Desire for a Re-enchanted World by J.T. Price

On Erik Davis’s High Weirdness: Drugs, Esoterica, and Visionary Experience in the Seventies

High Weirdness

Erik Davis’s High Weirdness: Drugs, Esoterica, and Visionary Experience in the Seventies (MIT Press) is a very cool book. Which is to say, either rife with hidden meaning, or else, about absolutely nothing at all—a kind of erudite joke on the student who longs, with the assistance perhaps of a favorite consciousness-expanding stimulant, to understand. No doubt, however, that if a joke, it is undeniably a serious one. The 400+ footnoted pages present the exploration and even literary recapitulation of some of the more far-out mental exertions of three of 1970s California’s most committed and borderline sane “psychonauts”: Terence McKenna, Robert Anton Wilson, and Philip K. Dick. The supreme tension between fine-strung meaning and risible nonsense is, in a way, exactly what occupies the core of High Weirdness.

Even if you are a reader who feels a reflexive avoidance toward the phosphorescent esoterica of 1970s head culture, or are not currently an LSD enthusiast, there is still a good lot that can be derived from Davis’s pellucid prose and wider cultural perspectives. (Pellucid prose, it turns out, is an excellent quality for a book about drug-induced consciousness to have!) Davis, a one-time NYC rock critic turned professor, has been thinking over the works and lives of his subjects, and the subject of weirdness, for some time now, the origins of his latest book dating back to a mid-’80s undergraduate thesis at Yale on “The Postmodern Gnosis of Philip K. Dick.”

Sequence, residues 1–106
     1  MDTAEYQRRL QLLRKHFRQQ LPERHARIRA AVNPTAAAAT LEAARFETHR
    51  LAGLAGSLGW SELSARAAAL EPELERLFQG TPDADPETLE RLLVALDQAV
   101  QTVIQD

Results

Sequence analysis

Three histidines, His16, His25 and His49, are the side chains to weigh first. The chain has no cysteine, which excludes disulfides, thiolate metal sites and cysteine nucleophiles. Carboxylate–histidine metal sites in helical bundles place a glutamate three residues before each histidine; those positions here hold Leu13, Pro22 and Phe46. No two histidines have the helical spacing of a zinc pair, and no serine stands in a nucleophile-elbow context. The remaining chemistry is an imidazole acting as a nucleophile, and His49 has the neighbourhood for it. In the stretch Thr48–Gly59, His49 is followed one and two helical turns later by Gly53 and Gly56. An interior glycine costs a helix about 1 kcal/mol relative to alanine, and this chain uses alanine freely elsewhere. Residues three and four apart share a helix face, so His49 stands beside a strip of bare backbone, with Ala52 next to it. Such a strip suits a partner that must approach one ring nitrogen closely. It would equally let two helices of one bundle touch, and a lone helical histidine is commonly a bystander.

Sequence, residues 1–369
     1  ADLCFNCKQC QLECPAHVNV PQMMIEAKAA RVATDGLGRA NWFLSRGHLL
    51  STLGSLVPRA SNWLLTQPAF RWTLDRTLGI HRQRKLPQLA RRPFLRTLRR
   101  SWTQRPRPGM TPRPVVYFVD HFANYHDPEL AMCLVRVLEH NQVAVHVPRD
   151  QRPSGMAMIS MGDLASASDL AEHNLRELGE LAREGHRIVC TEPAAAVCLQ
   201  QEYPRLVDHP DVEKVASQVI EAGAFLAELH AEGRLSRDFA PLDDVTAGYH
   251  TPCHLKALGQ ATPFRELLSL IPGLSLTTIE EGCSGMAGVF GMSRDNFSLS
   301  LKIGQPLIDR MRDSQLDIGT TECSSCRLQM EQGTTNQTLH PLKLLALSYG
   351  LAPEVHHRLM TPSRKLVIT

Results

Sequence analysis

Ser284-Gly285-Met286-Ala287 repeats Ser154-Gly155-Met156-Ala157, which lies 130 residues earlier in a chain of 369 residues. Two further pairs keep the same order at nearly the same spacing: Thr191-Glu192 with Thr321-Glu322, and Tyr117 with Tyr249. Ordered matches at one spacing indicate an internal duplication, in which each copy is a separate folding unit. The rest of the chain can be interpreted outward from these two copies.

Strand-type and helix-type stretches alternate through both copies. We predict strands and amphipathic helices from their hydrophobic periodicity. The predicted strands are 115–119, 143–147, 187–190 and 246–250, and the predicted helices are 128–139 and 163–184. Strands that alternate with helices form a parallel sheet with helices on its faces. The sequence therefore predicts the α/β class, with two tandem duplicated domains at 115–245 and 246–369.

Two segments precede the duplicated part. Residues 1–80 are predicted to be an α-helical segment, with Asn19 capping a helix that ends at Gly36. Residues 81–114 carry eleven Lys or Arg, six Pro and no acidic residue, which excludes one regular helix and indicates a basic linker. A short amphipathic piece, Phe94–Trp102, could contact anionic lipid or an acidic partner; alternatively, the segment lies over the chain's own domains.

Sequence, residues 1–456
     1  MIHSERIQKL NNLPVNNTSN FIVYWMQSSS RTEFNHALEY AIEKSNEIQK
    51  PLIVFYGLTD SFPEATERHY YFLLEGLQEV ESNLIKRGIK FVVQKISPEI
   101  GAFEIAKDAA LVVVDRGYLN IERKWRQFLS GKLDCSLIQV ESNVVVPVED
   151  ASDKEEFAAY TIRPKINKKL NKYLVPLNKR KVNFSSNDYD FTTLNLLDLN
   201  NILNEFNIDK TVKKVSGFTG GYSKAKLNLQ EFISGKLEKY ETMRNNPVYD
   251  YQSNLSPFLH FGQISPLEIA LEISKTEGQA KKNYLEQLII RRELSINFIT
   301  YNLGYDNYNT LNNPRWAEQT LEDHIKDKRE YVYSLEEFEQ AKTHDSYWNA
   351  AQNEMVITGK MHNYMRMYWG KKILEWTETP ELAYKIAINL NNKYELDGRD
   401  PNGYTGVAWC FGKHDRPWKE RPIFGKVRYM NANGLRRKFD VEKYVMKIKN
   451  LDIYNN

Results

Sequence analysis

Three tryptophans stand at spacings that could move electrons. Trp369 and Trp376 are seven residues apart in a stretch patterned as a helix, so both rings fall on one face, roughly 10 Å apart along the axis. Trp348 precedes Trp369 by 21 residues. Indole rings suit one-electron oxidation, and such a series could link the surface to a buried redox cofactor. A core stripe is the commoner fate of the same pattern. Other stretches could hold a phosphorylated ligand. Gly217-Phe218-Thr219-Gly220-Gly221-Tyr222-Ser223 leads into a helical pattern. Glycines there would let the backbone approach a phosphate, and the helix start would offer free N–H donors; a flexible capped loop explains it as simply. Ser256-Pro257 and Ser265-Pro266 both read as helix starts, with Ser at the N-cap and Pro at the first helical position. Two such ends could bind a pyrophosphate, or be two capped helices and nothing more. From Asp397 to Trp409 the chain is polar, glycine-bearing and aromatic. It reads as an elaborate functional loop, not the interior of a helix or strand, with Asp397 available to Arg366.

As Davis’s comprehension of “PKD” (the acronym bestowed by fans of the much-celebrated and infamously troubled author) matured, so too has Dick’s own cultural pervasiveness. As the passage of time has thrown the prophecy-riddled writings and quasi-scientific aspirations of McKenna, Wilson, and Dick into clearer relief, so too have their respective projects found deeper resonance with the mainstreaming of Internet consciousness and all the stimuli proffered here. Cue the theme music of “consciousness culture.”  As Davis writes: “Contemporary technologies are, literally, mind-manifesting. Consciousness, consensus reality, and even matter itself are increasingly shaped—warped, shattered, expanded—by their use.” The kids today by and large know this; what’s more difficult is conceiving of existence without it. Nobody at a big tech company will be surprised to hear that the web is the headiest drug of them all.

A constructivist, or someone who believes that the essence of consciousness is created and not inherent—the centrifugal self is a term coined within his pages—Davis eschews the strictures of pure rationalism; such is the ethos that High Weirdness imparts to the reader. While Davis does trace his subjects’ sources of inspiration in studied detail and relays the extremity of some of their writing, he also takes great pains not to outright dismiss the import of their projects, or opt for easy-to-box-away categories. All this goes back, yes, to the 1970s, or the “undecade,” for its unraveling of ’60s idealism but also the further tearing asunder of the white patriarchal heteronormative template that demanded conformity in its own image. “Indeed, liminality is a key characteristic of the early seventies,” Davis writes, setting the scene for his scholarly expedition.